- Declarative orchestrators can either be model-driven or policy-based. Both focus on the WHAT rather than the HOW, but model-driven orchestrators focus on service topologies whereas policy-based orchestrators focus on service outcomes and behaviors.
- We’ve had the notion for a while that policies can be expressed at different levels of abstraction in a policy continuum. Declarative policies expressed in terms of business goals are referred to as intent statements. Intent engines realize services by mapping intent statements into configuration parameters of deployable software components and the resources on which these components are deployed.
- We have come to the realization that it is also possible to model services at different levels of abstraction in a model continuum. Model-driven orchestrators can realize abstract service models by translating them into deployment descriptors that define a low-level service topologies at the device/resource level.
This summary leads to a couple of important observations. First, there appears to be a natural synergy between model-driven and policy-based approaches. Recall that declarative policies are expressed as constraints on capabilities within a given context (the context-capabilities-constraints pattern). But how does one specify context, and what is the mechanism for identifying capabilities within that context? Well, it seems obvious that at a specific level of abstraction, one could define a service model that serves as context for a declarative policy at that same level of abstraction. Observable (and controllable) parameters of that model could then represent capabilities, and policy expressions would specify constraints for those capabilities within the service model context. This suggests that abstract service models and declarative policies must go hand-in-hand in order to fully specify requested service behaviors at a given level of abstraction. I propose to use the term intent model to represent the combination of an abstract service model with a declarative policy that specifies desired outcomes for the modeled service.
A second observation should be clear from the first one: the intent model pattern can be used at all levels of abstraction. At each level of abstraction, one could define an abstract service model that represents the service at that level of abstraction, and that service model could then serve as the context for the corresponding declarative policies at that same level of abstraction. This means we shouldn’t just think about a policy continuum or a model continuum, but rather about an intent model continuum that combines the two.
This then leads to the following strategy for intent mapping: rather than mapping high-level intent statements into low-level deployment descriptors in one fell swoop, intent mapping should be performed recursively. Starting with an intent model expressed at the business view level, intent engines should recursively translate intent models at a higher level of abstraction into corresponding intent models at lower levels of abstraction, traversing the intent model continuum until the mapping process results in deployable service topologies at the device view level. This recursive mapping involves:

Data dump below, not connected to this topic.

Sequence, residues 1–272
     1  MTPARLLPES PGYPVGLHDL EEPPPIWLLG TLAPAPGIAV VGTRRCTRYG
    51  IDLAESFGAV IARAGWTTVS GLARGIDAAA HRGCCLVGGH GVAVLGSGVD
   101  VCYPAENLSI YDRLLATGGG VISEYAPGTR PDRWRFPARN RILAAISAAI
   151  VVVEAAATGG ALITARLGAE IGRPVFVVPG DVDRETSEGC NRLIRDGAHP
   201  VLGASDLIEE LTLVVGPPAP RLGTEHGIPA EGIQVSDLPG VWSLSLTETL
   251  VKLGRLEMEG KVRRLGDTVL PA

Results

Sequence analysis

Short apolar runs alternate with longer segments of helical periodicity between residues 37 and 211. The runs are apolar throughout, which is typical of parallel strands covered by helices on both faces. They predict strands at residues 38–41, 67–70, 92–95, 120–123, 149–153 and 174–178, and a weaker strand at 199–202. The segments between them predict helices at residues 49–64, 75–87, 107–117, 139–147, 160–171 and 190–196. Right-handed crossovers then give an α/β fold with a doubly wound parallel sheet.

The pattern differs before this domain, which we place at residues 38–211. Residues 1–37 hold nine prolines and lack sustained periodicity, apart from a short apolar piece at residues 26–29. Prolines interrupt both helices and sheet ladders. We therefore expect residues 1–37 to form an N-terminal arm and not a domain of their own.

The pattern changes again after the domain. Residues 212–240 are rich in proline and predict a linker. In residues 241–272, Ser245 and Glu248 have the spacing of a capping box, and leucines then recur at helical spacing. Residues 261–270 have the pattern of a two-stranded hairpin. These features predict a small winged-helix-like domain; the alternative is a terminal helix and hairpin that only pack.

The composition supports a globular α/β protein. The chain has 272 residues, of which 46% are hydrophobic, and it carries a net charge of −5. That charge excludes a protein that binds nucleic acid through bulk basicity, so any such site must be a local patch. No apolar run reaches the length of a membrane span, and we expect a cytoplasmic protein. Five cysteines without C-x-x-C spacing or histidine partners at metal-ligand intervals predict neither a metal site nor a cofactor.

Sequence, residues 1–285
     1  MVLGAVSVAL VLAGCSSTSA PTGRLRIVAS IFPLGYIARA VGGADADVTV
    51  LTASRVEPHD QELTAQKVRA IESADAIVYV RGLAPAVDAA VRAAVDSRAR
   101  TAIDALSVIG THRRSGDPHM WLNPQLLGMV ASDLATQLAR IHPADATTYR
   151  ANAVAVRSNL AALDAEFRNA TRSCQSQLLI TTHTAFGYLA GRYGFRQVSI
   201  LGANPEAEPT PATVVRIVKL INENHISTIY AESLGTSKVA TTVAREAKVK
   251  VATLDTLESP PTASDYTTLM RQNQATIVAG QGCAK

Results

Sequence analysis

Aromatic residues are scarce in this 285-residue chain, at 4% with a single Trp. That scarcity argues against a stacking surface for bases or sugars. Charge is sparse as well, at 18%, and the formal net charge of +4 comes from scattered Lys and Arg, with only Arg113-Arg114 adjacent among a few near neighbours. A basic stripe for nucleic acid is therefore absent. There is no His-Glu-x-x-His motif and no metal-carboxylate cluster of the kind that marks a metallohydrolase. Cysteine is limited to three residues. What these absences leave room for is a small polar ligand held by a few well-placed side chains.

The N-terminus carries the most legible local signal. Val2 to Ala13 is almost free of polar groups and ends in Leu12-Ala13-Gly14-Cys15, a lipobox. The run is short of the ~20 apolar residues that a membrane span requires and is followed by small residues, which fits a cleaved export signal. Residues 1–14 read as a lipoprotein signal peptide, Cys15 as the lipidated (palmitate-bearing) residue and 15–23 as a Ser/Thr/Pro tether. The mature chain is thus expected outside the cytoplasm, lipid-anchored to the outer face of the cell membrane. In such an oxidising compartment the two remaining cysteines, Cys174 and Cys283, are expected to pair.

- Mapping abstract service models at one level of abstraction into corresponding service models at the next lower level of abstraction
- Mapping constraints on capabilities of a higher-level service model into equivalent constraints on capabilities of the lower-level service model.
This now gives us a much better handle on the problem, since we can borrow from readily-available constructs in software engineering. Software architects are very familiar with the type of model mapping we just described, since they perform such mappings as a matter of course in the context of top-down software design. Proper software design starts with high-level abstractions that are then decomposed recursively into increasingly lower level concepts. Recursive decomposition is a key design pattern that is supported by many software frameworks and architectures. The ETSI NFV architecture positions VNFs as abstract entities that need to be decomposed into sub topologies of VDUs. The ONFs most recent Information Modeling work introduces a component pattern that models most entities in the networking domain as components that can be decomposed into topologies of other components. TOSCA has built-in language support for recursive decomposition using a feature called substitution mappings, which allows any node in a service topology to be ‘substituted’ with an entire service topology consisting of other nodes. It seems natural, then, to use recursive decomposition as the primary construct for mapping abstract service models into lower levels of abstraction.
Once service model mappings have been established, the problem of constraint mapping becomes a whole lot simpler. We are already used to ‘rolling-up’ low-level metrics into higher-level summary metrics, and constraint mapping is nothing more than the inverse of this ‘rolling-up’ activity. I have described previously a number of quality metrics for real-time communications that can be associated with service models at different levels of abstraction. We could go through similar exercises for other uses cases, and in fact this could result in (reusable) constraint mapping functions that can become part of a ‘toolbox’ for intent mapping engines.
I hope to see recursive decomposition of intent models be adopted as a framework to accelerate development of general-purpose intent engines.